What Are Judges Meant to Do When the Law Does Not Specify a Clear Answer to a Case? Essay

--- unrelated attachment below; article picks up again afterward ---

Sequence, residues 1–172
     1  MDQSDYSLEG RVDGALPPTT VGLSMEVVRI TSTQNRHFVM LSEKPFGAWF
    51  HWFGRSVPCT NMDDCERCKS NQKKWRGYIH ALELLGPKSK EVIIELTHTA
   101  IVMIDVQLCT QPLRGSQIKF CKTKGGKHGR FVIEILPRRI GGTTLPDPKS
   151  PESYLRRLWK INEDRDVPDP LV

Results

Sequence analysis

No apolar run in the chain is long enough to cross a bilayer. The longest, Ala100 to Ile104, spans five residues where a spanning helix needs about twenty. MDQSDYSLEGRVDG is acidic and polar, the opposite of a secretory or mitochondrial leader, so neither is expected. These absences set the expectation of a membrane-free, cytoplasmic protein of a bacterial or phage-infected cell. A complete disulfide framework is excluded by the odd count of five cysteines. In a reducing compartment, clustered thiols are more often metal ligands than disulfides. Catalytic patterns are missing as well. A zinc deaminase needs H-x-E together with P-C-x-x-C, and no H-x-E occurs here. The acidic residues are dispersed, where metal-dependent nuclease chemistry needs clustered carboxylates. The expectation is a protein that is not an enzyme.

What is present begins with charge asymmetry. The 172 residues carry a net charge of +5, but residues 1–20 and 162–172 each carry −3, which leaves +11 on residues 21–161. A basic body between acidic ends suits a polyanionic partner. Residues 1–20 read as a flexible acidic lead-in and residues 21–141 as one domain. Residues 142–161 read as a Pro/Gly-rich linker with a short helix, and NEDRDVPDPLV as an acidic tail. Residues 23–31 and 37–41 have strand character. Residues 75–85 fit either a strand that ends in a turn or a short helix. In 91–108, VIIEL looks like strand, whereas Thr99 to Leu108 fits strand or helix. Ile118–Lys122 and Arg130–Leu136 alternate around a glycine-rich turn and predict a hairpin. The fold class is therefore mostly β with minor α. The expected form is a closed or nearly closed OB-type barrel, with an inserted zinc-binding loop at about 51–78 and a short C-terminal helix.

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For natural law proponents and most noticeably Dworkin, the dilemma of having no recourse to law is irrelevant because law is underpinned by an overarching moral dimension which will always provide one clear answer. In his view, judges decide hard cases through a twin model of fit and justification: first by interpreting the law befitting of all relevant precedent and one that is best morally justified. On the other hand, for inclusive positivists such as Hart where a distinction is drawn between morality and law and thus in instances where the law has “run out”, judges must “make law”. This form of judicial action is what we are usually acquainted with as judicial discretion. This essay explores the two different approaches taken by each in brief before stating that the principal disagreement between Dworkin and inclusive positivists (leaving out the alternative strand of exclusive positivism ) on legally unregulated cases is overstated, primarily due to Dworkin’s overboard rejection of Hart’s view of judicial discretion in his essay “The Model of Rules”. Dworkin’s critique of inclusive positivists’ view of discretion mistakes what it really means when discretion comes into play and in particular, the strict claim that rules are applied in an ‘all-or-nothing’ fashion. Furthermore Dworkin’s attempt at distinguishing between ‘weak’ and ‘strong’ discretion neglects the inclusive positivists’ view that principles are actually part of legal rules. Discretion is thus constitutive of principles guided by rules, and is misunderstood by Dworking, confusing our understanding of inclusive positivism. Therefore Dworkin’s exaggeration is problematic, because contrasted against his own theory as applied in hard cases alone is unsustainable in contexts of two competing moral principles. Dworkin’s views ultimately prescribes a far too idealistic role for judges and a ‘Herculean’

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